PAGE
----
“truly emblematical of our origin” — Star Spangled Banner Commemorative Silver Dollar Coin

Today, the Star Spangled Banner Commemorative Silver Dollar Coin remembers the flag committee and their report read in Congress 200 years ago that reduced the number of stripes to thirteen.

In 1777 to 1795, the nation’s flag consisted of thirteen stars and thirteen stripes representing the original thirteen colonies.

With the addition of two states, the flag in 1795 included fifteen stars and fifteen stripes.

However, additional states joined the Union, and by December 1816 the Union consisted of nineteen states.

The House of Representatives chose a committee to study if the fifteen stars and stripes should be changed and how.

The committee’s report and its subsequent approval introduced a new flag in 1818.

From the Niles Weekly Register of January 1817 and the Century of Lawmaking at the Library of Congress:


Flag of the United States.

Report of the select committee appointed on the 12th ult. to enquire into the expediency of altering the flag of the United States. — Read, January 2, 1817.

The committee appointed to enquire into the expediency of altering the flag of the United States beg leave to report:

That they have maturely examined the subject submitted for their consideration, and are well aware that any proposition essentially to alter the flag of the United States, either in its general form or in the distribution of its parts, would be as unacceptable to the legislature and to the people, as it would be uncongenial with the views of the committee.

Fully persuaded that the form selected for the American flag was truly emblematical of our origin and existence as an independent nation, and that, as such, it has received the approbation and support of the citizens of the Union, it ought to undergo no change that would decrease its conspicuity, or tend to deprive it of its representative character.

The committee however believe, that a change in the number of states in the union sufficiently indicates the propriety of such a change in the arrangement of the flag, as shall best accord with the reasons that led to its adoption, and sufficiently point to important periods of our history.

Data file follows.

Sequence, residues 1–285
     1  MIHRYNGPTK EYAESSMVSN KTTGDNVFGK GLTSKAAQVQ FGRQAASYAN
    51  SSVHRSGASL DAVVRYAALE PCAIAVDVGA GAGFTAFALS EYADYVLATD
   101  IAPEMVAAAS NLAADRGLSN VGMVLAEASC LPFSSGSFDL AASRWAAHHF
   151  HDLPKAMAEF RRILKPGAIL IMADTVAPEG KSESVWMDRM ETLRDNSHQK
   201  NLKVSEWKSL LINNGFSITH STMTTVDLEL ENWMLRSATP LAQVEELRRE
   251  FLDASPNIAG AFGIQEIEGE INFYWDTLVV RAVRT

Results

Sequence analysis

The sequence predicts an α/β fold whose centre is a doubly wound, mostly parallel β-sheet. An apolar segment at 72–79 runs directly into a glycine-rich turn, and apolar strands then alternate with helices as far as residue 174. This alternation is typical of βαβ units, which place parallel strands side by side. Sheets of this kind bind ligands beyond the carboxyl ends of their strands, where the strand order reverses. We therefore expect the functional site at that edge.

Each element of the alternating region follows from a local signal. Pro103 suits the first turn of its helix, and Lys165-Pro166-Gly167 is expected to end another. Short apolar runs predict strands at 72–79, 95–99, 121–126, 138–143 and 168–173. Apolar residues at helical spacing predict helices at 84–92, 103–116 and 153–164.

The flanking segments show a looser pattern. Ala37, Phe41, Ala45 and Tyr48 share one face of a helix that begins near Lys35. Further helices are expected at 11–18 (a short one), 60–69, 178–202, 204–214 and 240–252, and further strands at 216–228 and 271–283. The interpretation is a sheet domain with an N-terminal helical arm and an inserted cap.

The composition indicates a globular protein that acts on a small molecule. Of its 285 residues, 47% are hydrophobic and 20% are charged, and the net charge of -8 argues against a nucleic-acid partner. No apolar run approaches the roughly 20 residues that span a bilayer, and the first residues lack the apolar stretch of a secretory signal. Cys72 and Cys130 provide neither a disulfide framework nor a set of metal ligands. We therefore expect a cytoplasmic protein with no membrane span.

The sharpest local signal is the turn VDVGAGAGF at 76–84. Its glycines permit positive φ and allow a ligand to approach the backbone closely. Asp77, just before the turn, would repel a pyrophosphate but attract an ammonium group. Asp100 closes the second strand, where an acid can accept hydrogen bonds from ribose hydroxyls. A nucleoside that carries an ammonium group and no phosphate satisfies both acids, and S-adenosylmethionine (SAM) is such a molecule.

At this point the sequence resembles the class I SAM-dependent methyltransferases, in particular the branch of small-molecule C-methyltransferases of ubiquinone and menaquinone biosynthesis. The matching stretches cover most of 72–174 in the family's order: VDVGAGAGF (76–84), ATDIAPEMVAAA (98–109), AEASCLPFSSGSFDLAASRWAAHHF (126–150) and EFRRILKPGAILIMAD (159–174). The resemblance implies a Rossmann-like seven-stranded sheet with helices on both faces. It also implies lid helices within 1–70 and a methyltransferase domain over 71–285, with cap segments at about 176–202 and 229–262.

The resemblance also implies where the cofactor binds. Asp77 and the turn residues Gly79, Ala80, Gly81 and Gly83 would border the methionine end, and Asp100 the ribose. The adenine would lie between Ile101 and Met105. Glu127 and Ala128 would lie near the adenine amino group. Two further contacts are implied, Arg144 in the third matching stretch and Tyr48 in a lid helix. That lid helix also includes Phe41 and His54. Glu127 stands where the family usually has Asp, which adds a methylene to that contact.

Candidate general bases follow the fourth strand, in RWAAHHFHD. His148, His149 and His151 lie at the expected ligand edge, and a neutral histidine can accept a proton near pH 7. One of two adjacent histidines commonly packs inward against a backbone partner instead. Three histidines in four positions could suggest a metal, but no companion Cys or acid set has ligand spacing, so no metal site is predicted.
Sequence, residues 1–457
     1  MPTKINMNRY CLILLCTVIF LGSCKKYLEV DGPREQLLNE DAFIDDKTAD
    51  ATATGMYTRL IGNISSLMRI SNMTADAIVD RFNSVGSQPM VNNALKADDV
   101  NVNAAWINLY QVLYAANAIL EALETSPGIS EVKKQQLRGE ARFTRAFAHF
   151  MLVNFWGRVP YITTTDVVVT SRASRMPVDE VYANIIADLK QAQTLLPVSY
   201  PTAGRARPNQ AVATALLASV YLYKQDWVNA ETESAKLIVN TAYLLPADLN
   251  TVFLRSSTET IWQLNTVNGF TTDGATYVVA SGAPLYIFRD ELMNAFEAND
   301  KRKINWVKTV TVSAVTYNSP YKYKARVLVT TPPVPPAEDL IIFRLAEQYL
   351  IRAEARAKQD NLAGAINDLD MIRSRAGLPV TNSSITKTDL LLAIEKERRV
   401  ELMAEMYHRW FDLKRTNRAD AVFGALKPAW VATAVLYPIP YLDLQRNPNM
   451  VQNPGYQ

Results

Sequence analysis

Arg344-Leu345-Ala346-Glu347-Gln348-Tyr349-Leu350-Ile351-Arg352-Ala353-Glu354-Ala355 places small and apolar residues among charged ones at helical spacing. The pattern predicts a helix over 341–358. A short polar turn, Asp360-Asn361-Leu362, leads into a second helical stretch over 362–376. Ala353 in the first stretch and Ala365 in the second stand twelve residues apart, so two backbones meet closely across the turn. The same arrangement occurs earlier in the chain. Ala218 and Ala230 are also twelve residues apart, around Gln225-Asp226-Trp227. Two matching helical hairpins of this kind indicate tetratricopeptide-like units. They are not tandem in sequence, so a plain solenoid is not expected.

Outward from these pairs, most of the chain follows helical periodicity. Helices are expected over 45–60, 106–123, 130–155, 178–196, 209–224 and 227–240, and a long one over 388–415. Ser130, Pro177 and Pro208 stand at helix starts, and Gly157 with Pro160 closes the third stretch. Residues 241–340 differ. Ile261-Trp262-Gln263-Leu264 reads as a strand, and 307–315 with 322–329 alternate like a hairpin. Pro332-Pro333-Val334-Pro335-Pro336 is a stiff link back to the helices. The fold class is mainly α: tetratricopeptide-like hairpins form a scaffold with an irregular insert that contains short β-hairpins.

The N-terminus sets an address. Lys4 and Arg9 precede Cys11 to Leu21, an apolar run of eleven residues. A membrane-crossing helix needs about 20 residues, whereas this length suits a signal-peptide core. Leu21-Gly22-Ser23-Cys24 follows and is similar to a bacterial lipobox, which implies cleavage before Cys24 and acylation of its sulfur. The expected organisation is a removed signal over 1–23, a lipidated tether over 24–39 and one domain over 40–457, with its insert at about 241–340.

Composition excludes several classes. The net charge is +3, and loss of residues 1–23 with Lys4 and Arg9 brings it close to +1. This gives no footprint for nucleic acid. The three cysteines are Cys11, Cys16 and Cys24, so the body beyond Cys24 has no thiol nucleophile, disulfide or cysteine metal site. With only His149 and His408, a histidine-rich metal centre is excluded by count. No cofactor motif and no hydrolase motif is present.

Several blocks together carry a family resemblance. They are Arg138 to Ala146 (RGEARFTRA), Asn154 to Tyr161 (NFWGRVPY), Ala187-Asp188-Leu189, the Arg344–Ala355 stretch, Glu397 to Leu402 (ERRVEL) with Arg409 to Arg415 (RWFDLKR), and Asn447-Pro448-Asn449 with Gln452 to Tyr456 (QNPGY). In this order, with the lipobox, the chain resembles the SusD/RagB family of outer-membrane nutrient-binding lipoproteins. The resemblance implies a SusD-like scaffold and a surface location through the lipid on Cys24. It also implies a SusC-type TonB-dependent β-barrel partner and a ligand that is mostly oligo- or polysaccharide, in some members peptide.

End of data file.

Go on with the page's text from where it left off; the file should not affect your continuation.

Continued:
The original flag of the United States was composed of thirteen stripes and thirteen stars, and was adopted by a resolution of the Continental Congress, on the 14th of June, 1777.

On the 13th of Jan. 1794, after two new states had been admitted into the union, the National Legislature passed an act that the stripes and stars should, on a day fixed, be increased to fifteen each, to comport with the then number of independent states.

The accession of new states since that alteration, and the certain prospect that at no distant period the number of states will be considerably multiplied, render it, in the opinion of the committee, highly inexpedient to increase the number of stripes, as every flag must in some measure, be limited in its size, from the circumstance of convenience to the place on which it is to be displayed, while such an increase would necessarily decrease their magnitude, and render them proportionably less distinct to distant observation.

This consideration has induced many to retain only the general form of the flag while there actually exists a great want of uniformity in its adjustment, particularly when used on small private vessels.

The national flag being in general use by vessels of almost every description, it appears to the committee of considerable importance to adopt some arrangement calculated to prevent, in future, great or extensive alterations.

Under these impressions, they are led to believe no alteration could be made, more emblematical of our origin and present existence, as composed of a number of independent and united states, than to reduce the stripes to the original thirteen, representing the number of states then contending for, and happily achieving, their independence — and to increase the stars to correspond with the number of states now in the Union — and hereafter to add one star to the flag whenever a new state shall be fully admitted.

These slight alterations will, in the opinion of the committee, meet the general approbation as well of those who may have regretted a former departure from the original flag, and such as are solicitous to see in it a representation of every State in the Union.

The committee cannot believe that in retaining only thirteen stripes, it necessarily follows they should be distinctly considered in reference to certain individual states, inasmuch as nearly all the new states were a component part of, and represented in the original states; inasmuch, also, as the flag is intended to signify numbers, and not local and particular sections of the union.

The committee respectfully report a bill. [The bill is in conformity to the preceding report, and provides that the change shall take place on the 4th of July next.]


The Star Spangled Banner Commemorative Silver Dollar Coin shows with an image of the flag with fifteen stars and stripes that flew over Fort McHenry during the War of 1812 (one star lost in the battle).

Star Spangled Banner Commemorative Silver Dollar Coin